A thousand laughs later, we realized we had to book it to our next stop to get inside before they closed. We raced to the Art Car Museum in The Rice Military neighborhood, where we were greeted by an old station wagon covered in brightly colored plastic fruit. This was going to be interesting.
Inside, and free admission later, the cheerful curators told us about the history of the museum, the annual “Open Call Exhibition”, and their renowned car parade. The place reminded me of something you would find in Amsterdam or Austin and was, by far, the most eclectic of our stops so far. As we self-toured, we encountered artwork of every kind- from photos to batiks to zombie doll creations. This place was a rare gem and seemed to be hiding right in our own city.
Closing time hit about the time that our sugar high crashed, and I knew the next stop was imperative.
Seventh Stop: Star Pizza
I was honored to share my favorite Houston pizza place, which was right around the corner, with the kiddos. The pizza love runs deep in our family, and they needed to know this jewel existed. The glorious smell of the infamous deep-dish hits you when you walk in the door, followed by the sounds of Sunday night football on the TV screens above.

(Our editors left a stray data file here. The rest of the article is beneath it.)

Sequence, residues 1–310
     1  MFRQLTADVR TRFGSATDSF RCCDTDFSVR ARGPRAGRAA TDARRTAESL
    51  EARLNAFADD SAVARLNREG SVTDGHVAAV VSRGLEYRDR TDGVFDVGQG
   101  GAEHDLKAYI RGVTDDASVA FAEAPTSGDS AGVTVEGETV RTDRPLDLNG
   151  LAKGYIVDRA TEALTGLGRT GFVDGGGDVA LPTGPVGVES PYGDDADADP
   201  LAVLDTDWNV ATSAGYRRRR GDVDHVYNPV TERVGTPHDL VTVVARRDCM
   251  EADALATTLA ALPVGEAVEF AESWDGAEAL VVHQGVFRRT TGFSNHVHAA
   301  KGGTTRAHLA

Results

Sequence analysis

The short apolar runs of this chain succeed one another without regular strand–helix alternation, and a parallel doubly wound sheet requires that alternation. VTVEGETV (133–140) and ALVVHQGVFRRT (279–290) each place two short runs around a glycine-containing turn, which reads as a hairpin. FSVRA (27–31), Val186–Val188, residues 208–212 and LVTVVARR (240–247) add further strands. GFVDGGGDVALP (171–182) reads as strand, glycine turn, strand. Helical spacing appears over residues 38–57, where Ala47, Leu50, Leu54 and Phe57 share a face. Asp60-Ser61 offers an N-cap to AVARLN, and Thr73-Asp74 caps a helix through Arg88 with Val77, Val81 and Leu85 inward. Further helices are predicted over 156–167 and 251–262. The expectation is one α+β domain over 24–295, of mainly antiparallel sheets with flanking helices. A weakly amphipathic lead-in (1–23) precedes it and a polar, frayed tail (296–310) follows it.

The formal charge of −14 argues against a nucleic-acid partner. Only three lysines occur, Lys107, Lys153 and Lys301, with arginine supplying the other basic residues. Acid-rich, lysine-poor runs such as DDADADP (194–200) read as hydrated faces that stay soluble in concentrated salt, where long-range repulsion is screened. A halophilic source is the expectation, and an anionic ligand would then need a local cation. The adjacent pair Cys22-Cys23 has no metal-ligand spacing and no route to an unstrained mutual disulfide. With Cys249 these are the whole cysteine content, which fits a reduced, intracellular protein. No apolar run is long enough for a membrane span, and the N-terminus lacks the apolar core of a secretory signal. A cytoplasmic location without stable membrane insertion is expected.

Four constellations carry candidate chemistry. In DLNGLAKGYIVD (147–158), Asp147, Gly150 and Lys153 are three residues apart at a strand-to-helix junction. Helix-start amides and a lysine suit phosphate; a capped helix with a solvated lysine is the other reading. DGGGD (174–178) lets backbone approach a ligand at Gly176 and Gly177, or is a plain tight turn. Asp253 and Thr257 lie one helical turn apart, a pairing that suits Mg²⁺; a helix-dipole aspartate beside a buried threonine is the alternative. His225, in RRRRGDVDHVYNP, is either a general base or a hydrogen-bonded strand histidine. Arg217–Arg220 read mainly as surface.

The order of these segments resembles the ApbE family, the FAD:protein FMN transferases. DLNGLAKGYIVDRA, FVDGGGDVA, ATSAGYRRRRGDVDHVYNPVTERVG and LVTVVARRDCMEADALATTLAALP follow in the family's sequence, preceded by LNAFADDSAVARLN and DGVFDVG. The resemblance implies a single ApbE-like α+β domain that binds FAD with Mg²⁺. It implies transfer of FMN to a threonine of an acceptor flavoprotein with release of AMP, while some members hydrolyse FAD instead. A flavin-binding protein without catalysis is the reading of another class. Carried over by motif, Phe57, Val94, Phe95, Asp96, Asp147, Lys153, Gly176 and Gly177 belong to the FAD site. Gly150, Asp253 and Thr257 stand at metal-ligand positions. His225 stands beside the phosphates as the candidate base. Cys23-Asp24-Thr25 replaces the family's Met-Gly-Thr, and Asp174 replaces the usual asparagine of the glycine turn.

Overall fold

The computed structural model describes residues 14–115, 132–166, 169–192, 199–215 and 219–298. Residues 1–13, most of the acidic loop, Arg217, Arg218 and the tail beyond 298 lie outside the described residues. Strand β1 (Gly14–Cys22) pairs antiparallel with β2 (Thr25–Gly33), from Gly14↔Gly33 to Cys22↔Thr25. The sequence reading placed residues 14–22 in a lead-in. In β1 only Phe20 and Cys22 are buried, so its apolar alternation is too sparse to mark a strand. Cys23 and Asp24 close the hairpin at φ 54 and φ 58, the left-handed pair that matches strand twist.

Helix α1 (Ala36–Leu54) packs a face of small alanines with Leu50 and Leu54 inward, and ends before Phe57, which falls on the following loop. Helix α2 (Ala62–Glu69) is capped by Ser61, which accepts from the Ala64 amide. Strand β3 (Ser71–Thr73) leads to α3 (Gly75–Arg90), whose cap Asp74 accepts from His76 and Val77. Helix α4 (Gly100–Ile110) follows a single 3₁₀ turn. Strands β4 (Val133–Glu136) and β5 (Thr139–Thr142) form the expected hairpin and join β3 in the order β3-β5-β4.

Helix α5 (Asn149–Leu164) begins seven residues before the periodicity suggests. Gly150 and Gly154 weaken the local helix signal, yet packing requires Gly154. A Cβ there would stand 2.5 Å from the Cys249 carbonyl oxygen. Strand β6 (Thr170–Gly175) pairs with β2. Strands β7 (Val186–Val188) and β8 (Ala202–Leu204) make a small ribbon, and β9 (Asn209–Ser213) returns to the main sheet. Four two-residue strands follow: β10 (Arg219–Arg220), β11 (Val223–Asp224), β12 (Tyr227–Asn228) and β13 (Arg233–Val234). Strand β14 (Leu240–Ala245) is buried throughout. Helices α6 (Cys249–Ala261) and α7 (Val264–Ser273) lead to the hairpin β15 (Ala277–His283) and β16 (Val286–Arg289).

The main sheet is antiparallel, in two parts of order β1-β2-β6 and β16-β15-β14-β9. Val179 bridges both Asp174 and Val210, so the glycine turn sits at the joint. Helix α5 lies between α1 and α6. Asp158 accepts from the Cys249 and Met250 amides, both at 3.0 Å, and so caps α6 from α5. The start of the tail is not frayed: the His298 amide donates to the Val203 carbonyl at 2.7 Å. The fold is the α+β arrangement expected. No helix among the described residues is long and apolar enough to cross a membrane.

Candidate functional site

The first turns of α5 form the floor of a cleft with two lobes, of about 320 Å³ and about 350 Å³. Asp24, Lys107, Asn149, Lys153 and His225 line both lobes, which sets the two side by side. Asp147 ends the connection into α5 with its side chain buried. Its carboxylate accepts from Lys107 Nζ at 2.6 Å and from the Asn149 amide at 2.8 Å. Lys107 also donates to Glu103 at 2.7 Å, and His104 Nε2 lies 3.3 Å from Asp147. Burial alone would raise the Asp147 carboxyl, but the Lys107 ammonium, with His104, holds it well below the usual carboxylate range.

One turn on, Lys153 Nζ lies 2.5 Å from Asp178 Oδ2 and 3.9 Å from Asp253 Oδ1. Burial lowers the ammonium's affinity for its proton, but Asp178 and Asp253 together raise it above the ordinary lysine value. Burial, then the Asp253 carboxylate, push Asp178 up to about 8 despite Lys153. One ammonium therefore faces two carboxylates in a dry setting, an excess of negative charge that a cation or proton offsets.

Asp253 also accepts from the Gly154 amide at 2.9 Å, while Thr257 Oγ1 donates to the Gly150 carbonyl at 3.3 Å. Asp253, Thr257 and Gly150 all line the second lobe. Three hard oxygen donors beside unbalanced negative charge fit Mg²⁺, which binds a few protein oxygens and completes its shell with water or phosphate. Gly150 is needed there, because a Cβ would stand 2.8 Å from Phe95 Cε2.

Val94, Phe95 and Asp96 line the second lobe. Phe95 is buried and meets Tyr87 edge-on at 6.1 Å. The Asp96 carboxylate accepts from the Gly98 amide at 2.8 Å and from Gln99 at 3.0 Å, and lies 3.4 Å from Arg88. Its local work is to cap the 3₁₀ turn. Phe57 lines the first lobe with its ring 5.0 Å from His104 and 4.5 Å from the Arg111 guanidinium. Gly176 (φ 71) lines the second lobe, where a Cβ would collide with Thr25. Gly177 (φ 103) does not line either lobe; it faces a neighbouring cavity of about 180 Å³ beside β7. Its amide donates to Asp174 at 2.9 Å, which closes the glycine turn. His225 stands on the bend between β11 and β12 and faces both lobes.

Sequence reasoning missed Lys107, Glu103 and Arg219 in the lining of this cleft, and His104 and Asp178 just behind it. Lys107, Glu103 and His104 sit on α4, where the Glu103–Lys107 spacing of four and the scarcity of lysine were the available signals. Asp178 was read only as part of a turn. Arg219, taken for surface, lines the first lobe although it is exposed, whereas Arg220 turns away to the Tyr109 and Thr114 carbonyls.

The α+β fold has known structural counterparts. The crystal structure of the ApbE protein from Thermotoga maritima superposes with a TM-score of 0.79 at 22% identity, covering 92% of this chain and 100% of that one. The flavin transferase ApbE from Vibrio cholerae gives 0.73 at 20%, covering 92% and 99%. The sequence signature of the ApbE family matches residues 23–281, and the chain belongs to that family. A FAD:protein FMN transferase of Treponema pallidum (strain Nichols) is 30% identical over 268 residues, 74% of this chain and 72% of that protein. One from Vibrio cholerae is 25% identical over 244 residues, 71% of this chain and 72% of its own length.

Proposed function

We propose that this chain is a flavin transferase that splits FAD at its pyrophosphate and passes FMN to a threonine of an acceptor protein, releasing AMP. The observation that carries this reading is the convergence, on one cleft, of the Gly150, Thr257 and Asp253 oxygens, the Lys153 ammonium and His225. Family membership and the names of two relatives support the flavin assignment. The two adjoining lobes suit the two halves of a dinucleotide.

This was our first time to rest our feet since they were massaged, and it felt good to sit for a while. As we awaited the arrival of our pizza, a comeback and win by our Houston Texans played out on the big screen. We enjoyed watching the wait staff scurry out of the kitchen to check on customers and the score.
After devouring our pile of melted cheese and goodness, we headed out into the night for our final destinations. I was thankful this wasn’t a school night.
Eighth Stop: The Heights
The Greater Heights neighborhood is tucked close to downtown Houston and has more of a walkable feel to it than other parts of this sprawling city. The streets are lined with old homes that have been replaced with modern homes, creating quite the architectural hodgepodge. The retail shops scattered about have a similar feel. You might pass an expensive dress boutique, only to stumble into a vintage vinyl record store next door. Street art shines from every brick surface, making this area truly unique.
We took a long stroll down one of the main retail streets, peering into shop windows and pausing for pics in artwork-filled alleyways. It was dark now and the shops were closed. We appreciated the way the street lights, assisted by the occasional strand of party lights, spotlighted the essence of this area- energy, artwork, and love.